Getting Big Macros to Run

by Allen Wyatt
(last updated September 28, 2016)

I was talking with a coworker a while back, and he described a problem he was having with a macro running on a very powerful computer system. It seems that the macro would always crash and freeze the machine, always with an out of memory error. My coworker thought that if the macro could run in the background, that it wouldn't use so many resources and wouldn't crash.

I knew that the proposed solution wouldn't necessarily solve the problem, however. While it might free up some resources, the system would still eventually run out of memory. Why? Because out-of-memory problems are typically due to coding problems in the original macro. "Memory leaks" (which lead to the out-of-memory condition) can be caused by any number of problems in macro code.

The best solution is a round of late-night debugging, stepping through macro code and analyzing where the problem is creeping in. Look for the most obvious (but easily overlooked) problems first, such as infinite loops. If the macro is doing a lot of repetitive processing (looping through worksheets), then make sure you're releasing all the memory you declare for your macro. For instance, for every SET statement you use, you should have a corresponding statement setting the object to NOTHING, and those statements should be within the loop.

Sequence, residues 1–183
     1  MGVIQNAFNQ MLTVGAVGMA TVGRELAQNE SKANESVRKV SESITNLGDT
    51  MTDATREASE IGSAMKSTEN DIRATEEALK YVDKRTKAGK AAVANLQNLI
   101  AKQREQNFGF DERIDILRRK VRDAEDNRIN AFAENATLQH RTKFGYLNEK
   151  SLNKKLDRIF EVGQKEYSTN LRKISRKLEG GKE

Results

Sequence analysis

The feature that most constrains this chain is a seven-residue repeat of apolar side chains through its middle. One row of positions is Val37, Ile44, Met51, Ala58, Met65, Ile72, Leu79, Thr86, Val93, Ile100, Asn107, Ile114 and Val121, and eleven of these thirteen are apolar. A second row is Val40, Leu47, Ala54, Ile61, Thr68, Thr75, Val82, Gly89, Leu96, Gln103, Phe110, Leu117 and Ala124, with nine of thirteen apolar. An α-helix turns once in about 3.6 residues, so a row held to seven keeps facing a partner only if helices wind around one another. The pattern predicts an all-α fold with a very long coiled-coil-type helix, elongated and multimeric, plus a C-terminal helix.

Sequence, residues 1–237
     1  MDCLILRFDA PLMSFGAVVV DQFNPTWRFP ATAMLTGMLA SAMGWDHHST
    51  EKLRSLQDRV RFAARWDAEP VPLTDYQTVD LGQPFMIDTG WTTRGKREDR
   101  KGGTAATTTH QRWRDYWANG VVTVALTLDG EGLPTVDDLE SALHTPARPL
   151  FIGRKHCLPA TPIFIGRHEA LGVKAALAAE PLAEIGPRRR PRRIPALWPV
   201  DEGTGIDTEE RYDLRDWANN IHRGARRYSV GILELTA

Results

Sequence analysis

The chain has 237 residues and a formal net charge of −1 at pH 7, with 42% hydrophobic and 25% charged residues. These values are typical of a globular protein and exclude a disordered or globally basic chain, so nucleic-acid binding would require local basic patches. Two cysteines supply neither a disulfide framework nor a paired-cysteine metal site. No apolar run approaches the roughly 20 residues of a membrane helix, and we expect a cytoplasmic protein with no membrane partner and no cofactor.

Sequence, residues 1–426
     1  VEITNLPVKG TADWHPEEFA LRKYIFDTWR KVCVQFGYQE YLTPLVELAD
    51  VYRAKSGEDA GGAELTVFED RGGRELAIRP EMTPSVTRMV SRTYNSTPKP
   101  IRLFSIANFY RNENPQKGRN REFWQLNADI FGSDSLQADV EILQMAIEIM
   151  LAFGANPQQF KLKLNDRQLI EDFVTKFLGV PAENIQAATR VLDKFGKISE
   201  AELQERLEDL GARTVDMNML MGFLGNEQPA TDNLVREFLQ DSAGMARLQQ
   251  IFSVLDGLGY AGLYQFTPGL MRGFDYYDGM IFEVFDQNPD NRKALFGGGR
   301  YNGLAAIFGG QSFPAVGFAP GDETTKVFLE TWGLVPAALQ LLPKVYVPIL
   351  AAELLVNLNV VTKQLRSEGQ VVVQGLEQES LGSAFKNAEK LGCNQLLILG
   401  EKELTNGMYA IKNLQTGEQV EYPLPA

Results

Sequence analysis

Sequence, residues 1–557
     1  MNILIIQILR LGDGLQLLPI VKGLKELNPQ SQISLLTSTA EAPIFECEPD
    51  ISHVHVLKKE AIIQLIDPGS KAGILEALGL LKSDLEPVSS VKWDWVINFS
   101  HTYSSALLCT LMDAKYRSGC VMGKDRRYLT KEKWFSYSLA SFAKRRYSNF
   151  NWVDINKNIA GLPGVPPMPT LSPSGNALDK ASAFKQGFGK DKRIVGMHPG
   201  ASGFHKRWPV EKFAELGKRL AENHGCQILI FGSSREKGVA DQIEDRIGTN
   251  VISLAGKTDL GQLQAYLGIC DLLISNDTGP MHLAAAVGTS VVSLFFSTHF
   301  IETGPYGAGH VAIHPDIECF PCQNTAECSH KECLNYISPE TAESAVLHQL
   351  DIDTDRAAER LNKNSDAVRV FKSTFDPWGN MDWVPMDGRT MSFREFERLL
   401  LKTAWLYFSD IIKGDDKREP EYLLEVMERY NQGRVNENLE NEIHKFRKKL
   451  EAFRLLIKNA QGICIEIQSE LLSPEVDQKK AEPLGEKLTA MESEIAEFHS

If you can step through the macros without them failing, then there is a good chance the problem lies in some sort of timing issue in the threads—a timing issue that only shows up, of course, when the macro is running full-tilt on its own. If you suspect this is the problem, then perhaps a re-sequencing of the events in the macro can work around it. If the macro uses DDE, you should be aware that Microsoft is recommending the use of OLE automation instead of DDE. Timing problems are fairly common with DDE, and Microsoft now considers it obsolete and too flaky to fix (meaning they won't support it). In VBA, multiple calls to a subroutine can also cause memory leaks, and such subroutines have to be rewritten as user-defined functions.

You should also make sure that all variable references are fully declared. I've seen some reports of macros getting "confused" between worksheets, and even if you use Alt+Tab to remove focus from Excel.

ExcelTips is your source for cost-effective Microsoft Excel training. This tip (2579) applies to Microsoft Excel 97, 2000, 2002, and 2003.

Author Bio

Allen Wyatt

With more than 50 non-fiction books and numerous magazine articles to his credit, Allen Wyatt is an internationally recognized author. He  is president of Sharon Parq Associates, a computer and publishing services company. ...

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